The Latest Mortgage Rules: The Good, The Bad and The Ugly

The Minister of Finance put his foot down by announcing new mortgage rules effective October 17. Here are the three major changes and how they will impact your mortgage whether you are buying, renewing or refinancing: 1. Qualification Rate

Effective October 17, ALL insured mortgages will qualify based on MQR (mortgage qualification rate) and not actual borrowing rate. Example, you may borrow at 2.39% but you would have to qualify at 4.64%. This will lower your buying power by 20%! Once B20 regulation comes into play, then ALL mortgages (including conventional) will have to qualify at posted rate regardless of term chosen.


  • The stress test will give Bank of Canada room to hold or maybe cut the benchmark (prime) rate to stimulate a stagnant economy. GDP numbers have been revised down for the next few years
  • Number of co-signed mortgages by parents and gifted downpayments will increase to help their children get into their first home
  • I wouldn't be surprised if the mortgage qualification rate (MQR) is cut as sales and price data come in the next few quarters
  • First time home buyers on the fringe of qualifying will be pushed into the rental market
  • Properties over a million dollars in Toronto will not be impacted


  • Real estate investors with quality investment properties will experience higher rental demand as more first time home buyers get pushed out of the market
  • Buyers consider properties with in-law suites / finished basement to generate rental income to offset the reduction in qualification

2. No More Insured Mortgages

Effective November 30, lenders will no longer be able to insure:

  • Investment properties
  • Refinances
  • Mortgages of 26-30 years amortization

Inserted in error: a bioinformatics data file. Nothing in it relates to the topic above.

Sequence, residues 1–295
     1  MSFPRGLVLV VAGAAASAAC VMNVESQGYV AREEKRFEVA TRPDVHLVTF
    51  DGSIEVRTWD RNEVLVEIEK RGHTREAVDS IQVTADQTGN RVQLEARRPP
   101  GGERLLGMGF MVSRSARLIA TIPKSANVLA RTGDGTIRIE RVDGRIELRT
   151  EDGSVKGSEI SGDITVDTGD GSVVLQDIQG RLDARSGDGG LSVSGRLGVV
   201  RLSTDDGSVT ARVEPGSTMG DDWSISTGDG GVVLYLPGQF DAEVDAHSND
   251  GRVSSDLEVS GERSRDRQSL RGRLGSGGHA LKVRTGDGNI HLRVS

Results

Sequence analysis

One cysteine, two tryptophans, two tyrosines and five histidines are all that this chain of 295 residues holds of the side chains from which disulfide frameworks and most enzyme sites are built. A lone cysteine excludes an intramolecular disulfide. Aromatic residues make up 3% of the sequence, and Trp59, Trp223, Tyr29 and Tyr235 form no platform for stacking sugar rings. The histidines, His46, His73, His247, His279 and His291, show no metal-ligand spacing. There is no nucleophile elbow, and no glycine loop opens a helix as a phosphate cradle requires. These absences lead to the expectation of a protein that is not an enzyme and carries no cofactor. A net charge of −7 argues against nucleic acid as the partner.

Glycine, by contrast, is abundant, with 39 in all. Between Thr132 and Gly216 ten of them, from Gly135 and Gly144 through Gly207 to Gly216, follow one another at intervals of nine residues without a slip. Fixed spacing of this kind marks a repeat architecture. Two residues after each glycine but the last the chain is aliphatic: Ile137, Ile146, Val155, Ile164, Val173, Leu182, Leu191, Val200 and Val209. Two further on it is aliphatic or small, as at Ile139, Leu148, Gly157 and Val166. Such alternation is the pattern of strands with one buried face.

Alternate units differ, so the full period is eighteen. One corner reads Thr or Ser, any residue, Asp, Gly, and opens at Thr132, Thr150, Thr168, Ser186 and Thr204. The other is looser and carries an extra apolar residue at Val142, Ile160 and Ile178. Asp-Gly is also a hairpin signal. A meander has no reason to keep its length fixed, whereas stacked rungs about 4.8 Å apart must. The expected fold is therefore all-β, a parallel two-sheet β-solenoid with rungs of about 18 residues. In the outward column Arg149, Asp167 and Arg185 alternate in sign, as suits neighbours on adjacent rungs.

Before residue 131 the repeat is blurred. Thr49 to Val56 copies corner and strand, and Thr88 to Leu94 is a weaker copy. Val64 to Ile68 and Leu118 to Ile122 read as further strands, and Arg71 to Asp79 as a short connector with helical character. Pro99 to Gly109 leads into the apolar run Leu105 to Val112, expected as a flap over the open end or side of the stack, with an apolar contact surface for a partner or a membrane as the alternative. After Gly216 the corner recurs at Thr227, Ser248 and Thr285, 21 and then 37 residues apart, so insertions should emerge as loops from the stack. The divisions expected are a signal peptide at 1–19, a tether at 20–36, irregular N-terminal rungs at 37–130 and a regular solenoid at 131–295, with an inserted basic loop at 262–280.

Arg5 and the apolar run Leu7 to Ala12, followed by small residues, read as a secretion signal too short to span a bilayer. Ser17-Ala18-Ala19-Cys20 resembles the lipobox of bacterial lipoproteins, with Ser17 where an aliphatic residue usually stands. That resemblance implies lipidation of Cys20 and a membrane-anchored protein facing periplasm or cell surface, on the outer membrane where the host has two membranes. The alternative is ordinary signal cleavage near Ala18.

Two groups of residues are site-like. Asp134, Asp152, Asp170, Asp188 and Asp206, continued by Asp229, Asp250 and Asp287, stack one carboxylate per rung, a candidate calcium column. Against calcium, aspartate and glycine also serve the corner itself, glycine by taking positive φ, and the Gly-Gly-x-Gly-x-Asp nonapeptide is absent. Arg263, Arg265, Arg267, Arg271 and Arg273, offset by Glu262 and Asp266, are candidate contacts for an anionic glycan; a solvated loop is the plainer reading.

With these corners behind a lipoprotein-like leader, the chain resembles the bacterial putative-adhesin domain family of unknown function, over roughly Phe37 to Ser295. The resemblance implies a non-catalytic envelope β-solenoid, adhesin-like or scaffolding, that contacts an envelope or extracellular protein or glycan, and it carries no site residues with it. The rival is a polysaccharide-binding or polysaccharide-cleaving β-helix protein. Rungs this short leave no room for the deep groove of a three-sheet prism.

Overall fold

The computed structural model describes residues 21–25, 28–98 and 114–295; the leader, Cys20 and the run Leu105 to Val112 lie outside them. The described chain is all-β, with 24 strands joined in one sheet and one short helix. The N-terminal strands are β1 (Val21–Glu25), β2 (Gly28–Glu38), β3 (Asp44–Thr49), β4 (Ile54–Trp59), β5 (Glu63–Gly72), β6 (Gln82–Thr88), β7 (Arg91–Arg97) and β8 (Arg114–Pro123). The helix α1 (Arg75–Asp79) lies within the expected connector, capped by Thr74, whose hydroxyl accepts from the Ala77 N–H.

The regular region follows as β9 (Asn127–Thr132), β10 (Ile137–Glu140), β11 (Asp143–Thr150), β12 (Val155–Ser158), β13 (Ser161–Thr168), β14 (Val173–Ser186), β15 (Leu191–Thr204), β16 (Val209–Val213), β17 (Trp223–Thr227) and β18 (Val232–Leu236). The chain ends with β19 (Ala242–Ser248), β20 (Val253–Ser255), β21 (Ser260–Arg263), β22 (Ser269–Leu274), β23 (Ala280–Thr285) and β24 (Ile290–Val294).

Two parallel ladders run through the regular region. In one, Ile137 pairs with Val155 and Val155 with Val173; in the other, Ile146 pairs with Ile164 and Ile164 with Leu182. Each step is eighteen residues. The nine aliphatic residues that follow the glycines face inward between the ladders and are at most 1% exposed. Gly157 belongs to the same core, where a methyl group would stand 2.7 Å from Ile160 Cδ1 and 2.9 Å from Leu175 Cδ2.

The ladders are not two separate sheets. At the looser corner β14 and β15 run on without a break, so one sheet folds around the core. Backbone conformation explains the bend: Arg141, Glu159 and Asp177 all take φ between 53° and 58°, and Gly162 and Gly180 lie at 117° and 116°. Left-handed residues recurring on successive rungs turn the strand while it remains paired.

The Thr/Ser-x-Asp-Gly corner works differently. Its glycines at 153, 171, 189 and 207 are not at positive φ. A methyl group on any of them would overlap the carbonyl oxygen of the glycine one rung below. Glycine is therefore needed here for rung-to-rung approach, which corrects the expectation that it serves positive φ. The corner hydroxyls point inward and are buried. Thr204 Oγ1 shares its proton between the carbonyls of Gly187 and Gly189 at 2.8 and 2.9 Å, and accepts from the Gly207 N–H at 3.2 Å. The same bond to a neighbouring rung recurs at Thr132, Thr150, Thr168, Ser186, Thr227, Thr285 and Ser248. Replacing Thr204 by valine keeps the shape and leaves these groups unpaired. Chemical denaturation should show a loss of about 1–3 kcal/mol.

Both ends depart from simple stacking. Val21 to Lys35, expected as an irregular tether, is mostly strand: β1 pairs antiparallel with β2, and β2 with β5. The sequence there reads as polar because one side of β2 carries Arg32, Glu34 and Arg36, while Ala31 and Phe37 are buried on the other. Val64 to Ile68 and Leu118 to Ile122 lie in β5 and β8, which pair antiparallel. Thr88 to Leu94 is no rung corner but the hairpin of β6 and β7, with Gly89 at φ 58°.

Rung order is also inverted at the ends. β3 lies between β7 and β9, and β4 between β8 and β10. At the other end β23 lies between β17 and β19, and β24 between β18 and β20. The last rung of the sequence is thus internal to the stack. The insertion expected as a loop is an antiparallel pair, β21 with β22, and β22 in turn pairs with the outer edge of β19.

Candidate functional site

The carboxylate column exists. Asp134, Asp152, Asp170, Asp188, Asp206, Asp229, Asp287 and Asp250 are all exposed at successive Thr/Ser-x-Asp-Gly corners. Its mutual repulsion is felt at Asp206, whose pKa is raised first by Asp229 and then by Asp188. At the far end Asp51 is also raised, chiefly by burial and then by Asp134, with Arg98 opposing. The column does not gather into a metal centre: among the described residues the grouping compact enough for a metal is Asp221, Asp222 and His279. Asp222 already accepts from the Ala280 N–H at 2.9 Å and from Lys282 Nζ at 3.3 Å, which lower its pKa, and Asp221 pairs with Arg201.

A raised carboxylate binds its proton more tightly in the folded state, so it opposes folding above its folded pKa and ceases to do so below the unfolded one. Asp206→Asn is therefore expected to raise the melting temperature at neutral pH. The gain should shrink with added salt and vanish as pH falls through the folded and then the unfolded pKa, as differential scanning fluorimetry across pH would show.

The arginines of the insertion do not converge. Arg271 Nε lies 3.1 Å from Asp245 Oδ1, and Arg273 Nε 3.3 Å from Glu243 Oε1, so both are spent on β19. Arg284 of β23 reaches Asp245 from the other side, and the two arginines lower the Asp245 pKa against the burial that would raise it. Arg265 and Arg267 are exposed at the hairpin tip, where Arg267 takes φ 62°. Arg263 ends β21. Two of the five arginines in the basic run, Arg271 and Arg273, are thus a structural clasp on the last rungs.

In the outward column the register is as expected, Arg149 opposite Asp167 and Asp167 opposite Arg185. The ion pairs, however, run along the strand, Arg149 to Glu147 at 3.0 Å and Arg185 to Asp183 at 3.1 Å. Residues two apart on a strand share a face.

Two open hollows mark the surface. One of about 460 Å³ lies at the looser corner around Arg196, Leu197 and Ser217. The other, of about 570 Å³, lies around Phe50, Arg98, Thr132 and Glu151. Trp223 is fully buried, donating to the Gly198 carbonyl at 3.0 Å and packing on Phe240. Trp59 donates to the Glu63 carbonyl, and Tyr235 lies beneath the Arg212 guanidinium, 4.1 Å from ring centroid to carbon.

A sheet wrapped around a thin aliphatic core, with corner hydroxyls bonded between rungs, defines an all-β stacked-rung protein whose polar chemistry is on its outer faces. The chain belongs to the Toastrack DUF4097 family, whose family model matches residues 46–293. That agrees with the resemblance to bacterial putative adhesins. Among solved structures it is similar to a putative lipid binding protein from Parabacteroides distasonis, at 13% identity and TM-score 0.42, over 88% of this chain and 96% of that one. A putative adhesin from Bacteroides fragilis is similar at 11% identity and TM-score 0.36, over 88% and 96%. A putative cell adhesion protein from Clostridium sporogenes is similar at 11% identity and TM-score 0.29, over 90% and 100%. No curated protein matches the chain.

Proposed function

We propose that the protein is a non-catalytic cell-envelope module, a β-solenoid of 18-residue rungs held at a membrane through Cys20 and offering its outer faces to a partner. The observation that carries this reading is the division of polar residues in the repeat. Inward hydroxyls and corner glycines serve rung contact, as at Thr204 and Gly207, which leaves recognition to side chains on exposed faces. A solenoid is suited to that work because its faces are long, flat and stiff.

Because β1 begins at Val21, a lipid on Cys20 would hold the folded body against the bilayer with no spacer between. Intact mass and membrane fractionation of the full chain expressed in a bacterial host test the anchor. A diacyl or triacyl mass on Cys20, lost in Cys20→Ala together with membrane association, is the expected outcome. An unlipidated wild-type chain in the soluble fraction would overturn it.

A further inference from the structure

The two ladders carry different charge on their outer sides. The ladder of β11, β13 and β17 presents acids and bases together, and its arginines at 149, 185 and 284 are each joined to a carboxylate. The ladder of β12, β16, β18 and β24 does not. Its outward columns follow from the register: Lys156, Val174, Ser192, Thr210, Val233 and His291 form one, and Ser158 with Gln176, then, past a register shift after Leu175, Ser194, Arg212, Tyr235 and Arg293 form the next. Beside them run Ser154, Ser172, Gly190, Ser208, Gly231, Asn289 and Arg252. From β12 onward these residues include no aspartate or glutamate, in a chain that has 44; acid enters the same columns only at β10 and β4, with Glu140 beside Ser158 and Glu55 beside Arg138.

Commentary: There will be less competition since monoline lenders (lenders who only provide mortgages to Canadians) insure mortgages on the backend. They cover the cost of insurance providing options to homeowners across the country. This will lead to 2 tier pricing: first tier if you are refinancing up to 25 years you will get one price and if you need to go to 30 years you will pay a higher price to consolidate debts or if your cash flow requires a lower monthly payment.

Monoline lenders provide competitive mortgages without astronomical IRD (interest rate differential) penalties and collateral mortgages which banks are known for. This is terrible news for Canadians due to less competition and investment properties mortgages and refinance business will be pushed solely to the big 5 banks.

3. Principal Residence Exemption Designed to minimize foreign money influence in Toronto & Vancouver, the buyers have to be residents in the year they buy the property to claim principal residence exemption. Effective this tax year, the government will require Canadians to report all house sales and file T2091 . I believe this is a good intention policy but having foreign buyers pay upfront (tax similar to Vancouver) is more effective than having a deferred tax when they sell.